Saturday, September 22, 2007

Tomorrow's sermon

To save stress on the morrow - I am finishing up my sermon and printing the copies for my hard of hearing folks tonight. Here it is.

Trinity 16 – September 23rd – Luke 7:11-17

In the Name of the Father and of the Son and of the Holy Ghost +

Did you see it, dear Christians, did you see the fierce battle fought in our Gospel text? Did you hear the din of the ancient war, did you hear the echoes of the combat and contest that was our Gospel text. Oh, no, there were no swords, no guns or bombs, no bloodied and broken bodies strew across the ground – but make no mistake – our Gospel lesson was indeed a battle – it was an episode of the Great battle. Our Gospel shows us the battle between God and Satan, between life and death.

Behold the two armies marching out to meet each other. The army of Light and life follows its captain, Christ Jesus our Lord. Soon afterward He went to a town called Nain, and His disciples and a great crowd went with Him. And this army is fresh off of a victory. Jesus has just healed the servant of the Centurion, cut off the old foe death at the pass, prevented the enemy from gaining any ground. As so, the crowds follow Christ to a little town called Nain. And as they approach, they behold a second army arrayed against them. As He drew near to the gate of the town, behold, a man who had died was being carried out, the only son of his mother, and she was a widow, and a considerable crowd from the town was with her. A second army, following in the wake of death. A second throng, united in misery and mourning – a miserable procession with death at its head, death shouting and taunting – look oh Christ, oh healer. Too late, too late, death has already had it’s sway here. A second army, following death, and expecting nothing other than death.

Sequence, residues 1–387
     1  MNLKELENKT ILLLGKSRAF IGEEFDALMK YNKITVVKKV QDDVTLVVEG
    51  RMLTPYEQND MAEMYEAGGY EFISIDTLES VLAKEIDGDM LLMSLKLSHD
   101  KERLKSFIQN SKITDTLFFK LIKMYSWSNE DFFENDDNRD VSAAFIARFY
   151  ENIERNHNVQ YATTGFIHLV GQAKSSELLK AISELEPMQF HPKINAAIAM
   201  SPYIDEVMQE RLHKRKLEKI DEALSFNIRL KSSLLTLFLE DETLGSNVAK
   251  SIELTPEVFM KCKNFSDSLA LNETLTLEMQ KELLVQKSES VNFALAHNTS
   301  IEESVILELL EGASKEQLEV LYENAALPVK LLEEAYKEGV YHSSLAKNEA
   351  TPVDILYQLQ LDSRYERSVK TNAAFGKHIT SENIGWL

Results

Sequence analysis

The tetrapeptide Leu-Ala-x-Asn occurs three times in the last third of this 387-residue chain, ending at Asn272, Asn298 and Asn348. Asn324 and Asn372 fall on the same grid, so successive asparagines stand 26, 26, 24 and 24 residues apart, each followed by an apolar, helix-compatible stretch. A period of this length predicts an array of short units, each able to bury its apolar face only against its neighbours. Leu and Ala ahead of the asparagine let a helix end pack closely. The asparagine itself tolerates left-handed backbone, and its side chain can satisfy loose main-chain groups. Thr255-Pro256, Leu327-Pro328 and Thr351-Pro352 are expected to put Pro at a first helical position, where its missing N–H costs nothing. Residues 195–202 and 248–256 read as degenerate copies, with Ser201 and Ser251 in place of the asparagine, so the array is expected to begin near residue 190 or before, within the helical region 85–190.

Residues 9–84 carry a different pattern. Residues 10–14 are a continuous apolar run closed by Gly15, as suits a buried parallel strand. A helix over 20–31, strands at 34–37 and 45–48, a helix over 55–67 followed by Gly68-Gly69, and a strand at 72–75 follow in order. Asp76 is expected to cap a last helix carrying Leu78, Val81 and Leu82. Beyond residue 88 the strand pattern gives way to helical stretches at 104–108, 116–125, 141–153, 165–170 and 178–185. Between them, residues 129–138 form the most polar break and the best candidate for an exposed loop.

So, what does Jesus do? What is His response seeing this funeral procession? Will He yield the field, stand aside and let them march their most unmerry way to the cemetery? No. The royal banners forward go, and the Son of God marches forth to war. And when the Lord saw her, He had compassion upon her and said to her, “Do not weep.” Behold Christ’s weapons which He uses in His struggle. Compassion and mercy – with compassion Christ strides forward to take on death, determined to show mercy. Then He came up and touched the bier and the bearers stood still. He walks up and puts His hand on the bier, the open casket, virtually grabs the body. There is no hesitation, no nervousness that we might have around a dead body, no fear of death for Christ. He simply marches in and puts down His hand, stops the procession of death in its tracks. And then, our Lord speaks. Young man, I say to you, arise.” And the dead man sat up and began to speak, and Jesus gave him back to his mother. Christ speaks, and death is undone. The Lord of Life opens His lips, and a mother regains her son. Jesus acts, and everything that was expected, all the words of vain comfort the villagers had planned melt away into nothing, destroyed, defeated, no longer needed. Christ goes forth to battle, and He wins. Fear seized them all, and they glorified God saying, “A great prophet has arisen among us!” and “God has visited His people.” And the forces of death flee, death’s army breaks and scatters – Satan flees in terror while death’s deserts cling to Christ and God is praised and glorified. This is the battle we see in our text this morning – Christ taking the battle to Satan and Death, and Christ defeating them both.